A little thematic music.
How do you get to the moon?
Seriously: What carefully planned combination of angles, direction and propulsion is needed to get a manned space capsule from Merritt Island, Florida, to the surface of the earth’s only natural satellite?
That sounds like the sort of question that “Taxi”‘s Reverend Jim might have pondered.
But in July 1969, it was on a lot of people’s minds — including my grandfather’s — as three Americans prepared for a journey no one in history had ever taken.
I trust I do not have to explain to any of my readers what Apollo 11 was.
I have already written about my grandpa’s interest in the American space program … so it should not surprise anybody to know that he was actively tracking the first manned mission to the moon and writing its highlights on his calendar.
Of course, he was also making note of his own personal obligations as well. Frank Martin and Sons, mentioned on July 17, was a locally well-known men’s and boys’ clothing store on Stamford’s Main Street.
(According to at least one online profile, Boston Red Sox manager and Stamford native Bobby Valentine worked for a short time at Frank Martin and Sons. By Bobby V’s telling, he was fired at age 15 — circa 1965 or ’66 — which means he would not have been behind the counter to hand my grandpa his jacket and trousers. In July 1969, Valentine would have been two months away from the majors, 19 years old, and playing for the Spokane Indians of the Pacific Coast League. But I digress.)
We next join Apollo 11 in progress at the moment of its triumph:
I believe my grandfather’s photo collection includes some rough images, taken from his TV, of the Apollo 11 astronauts descending to the moon. I am sure he would have been among the many Americans who stayed up well into the morning of July 21 to watch coverage of the first moonwalk.
He would have had to get some sleep, though, because July 21 was a big day — a day involving a family visit.
I am not sure whether my folks — married almost exactly two years on July 21, 1969, and as yet childless — were coming down from Rochester, N.Y., to visit, or whether he was bound from Stamford to Rochester to see them.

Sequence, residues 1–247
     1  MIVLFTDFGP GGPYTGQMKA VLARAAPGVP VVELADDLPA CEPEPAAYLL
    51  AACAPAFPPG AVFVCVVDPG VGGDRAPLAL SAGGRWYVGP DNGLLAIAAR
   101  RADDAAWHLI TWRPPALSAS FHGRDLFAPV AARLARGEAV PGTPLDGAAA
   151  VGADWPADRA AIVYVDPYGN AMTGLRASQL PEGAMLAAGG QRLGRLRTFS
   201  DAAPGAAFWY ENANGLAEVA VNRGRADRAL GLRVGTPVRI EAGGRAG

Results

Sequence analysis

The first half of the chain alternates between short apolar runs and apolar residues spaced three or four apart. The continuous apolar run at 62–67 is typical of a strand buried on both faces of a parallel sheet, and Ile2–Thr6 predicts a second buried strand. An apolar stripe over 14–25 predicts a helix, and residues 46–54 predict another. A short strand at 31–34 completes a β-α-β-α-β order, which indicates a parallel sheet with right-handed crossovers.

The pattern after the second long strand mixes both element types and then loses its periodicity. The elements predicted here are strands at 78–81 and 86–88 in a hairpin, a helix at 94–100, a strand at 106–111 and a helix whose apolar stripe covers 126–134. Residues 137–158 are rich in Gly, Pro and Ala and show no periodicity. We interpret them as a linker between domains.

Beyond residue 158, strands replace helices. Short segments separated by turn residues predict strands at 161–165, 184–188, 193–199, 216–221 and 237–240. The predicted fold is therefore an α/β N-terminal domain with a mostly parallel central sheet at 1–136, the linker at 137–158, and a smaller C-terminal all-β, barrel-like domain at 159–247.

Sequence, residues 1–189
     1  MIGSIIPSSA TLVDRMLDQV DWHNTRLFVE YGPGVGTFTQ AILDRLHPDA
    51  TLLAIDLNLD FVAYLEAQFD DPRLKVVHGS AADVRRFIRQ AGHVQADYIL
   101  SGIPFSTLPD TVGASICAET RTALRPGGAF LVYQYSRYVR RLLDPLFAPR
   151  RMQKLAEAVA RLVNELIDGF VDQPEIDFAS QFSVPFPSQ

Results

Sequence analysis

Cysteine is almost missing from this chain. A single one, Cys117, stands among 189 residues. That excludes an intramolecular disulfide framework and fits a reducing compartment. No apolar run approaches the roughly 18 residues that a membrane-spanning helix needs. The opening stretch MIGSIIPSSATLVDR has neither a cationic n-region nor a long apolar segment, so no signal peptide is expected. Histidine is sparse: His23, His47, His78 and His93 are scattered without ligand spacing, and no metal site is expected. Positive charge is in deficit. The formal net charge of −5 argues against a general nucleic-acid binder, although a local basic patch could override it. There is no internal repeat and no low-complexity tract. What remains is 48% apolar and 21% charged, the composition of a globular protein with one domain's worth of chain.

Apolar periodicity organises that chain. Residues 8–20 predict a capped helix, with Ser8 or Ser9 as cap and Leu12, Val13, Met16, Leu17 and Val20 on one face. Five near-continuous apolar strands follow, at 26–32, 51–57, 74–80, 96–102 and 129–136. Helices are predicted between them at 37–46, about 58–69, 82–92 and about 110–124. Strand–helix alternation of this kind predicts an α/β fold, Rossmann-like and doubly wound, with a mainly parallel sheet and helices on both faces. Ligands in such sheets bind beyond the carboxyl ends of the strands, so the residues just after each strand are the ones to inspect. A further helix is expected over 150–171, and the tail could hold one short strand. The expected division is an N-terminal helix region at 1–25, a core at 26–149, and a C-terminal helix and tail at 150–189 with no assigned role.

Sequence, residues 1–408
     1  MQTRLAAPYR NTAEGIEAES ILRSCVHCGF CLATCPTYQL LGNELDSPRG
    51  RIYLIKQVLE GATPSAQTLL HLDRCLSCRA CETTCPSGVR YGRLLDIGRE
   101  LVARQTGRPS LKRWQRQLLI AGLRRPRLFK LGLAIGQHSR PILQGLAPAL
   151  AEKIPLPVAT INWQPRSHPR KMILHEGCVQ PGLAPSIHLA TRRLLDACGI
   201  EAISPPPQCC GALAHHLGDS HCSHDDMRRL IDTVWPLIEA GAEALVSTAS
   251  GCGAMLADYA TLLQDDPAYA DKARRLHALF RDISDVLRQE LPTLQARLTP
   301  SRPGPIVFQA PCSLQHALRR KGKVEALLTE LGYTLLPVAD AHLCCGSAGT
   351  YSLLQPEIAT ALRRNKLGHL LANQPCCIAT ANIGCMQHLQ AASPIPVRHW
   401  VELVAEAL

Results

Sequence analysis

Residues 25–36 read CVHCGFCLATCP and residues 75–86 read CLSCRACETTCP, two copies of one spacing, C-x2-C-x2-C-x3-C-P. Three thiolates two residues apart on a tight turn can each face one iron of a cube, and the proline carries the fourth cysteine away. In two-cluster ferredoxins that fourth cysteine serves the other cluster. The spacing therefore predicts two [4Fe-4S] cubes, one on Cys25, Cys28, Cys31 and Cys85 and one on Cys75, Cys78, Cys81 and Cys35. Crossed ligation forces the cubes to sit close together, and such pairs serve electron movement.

His laborious listing of the six routes needed to get from one place to the other suggests he was doing the driving … because why would someone care so much about the details of a route he was not personally traveling?
But the order in which he lists them indicates my parents were doing the driving. (If you were traveling from western New York to Stamford, Route 90 would be your first major route and Route 287 would be your last.)
At any rate, my folks had only moved to the Rochester area two years before. So the route between Stamford and Rochester might still have captured my grandpa’s imagination as an exotic and unfamiliar thing in July of 1969, even if it was more familiar than the route being taken by Neil Armstrong and Buzz Aldrin.
While we’re on the subject of directions, it was during this same period of mid-July days that U.S. Senator Ted Kennedy lost track of where he was going in a previously obscure area of Martha’s Vineyard, with fatal consequences for his passenger. There is no reference to Chappaquiddick Island on my grandpa’s calendar. The common understanding of history is that Apollo 11 dominated the nation’s attention in the short term, though Kennedy was already sharing headlines with Apollo 11 as early as July 21.
Apollo 11’s return home was just as risky a venture as its trip out. (While no one knew it at the time, President Nixon’s speechwriter William Safire had prepared a speech to be delivered to the nation in the event that Armstrong and Aldrin were irretrievably stranded on the moon. Thankfully, Nixon never had to give it.)
My grandpa, like Mission Control, stayed on watch until the very end.